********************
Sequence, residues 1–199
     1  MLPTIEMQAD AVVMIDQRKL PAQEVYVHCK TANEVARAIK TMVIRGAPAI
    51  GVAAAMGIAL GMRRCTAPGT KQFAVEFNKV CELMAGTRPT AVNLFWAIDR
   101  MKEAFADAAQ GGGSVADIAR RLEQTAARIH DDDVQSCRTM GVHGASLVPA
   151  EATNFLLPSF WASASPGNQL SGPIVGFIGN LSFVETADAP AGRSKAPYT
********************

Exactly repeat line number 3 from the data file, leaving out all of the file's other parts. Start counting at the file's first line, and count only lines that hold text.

    51  GVAAAMGIAL GMRRCTAPGT KQFAVEFNKV CELMAGTRPT AVNLFWAIDR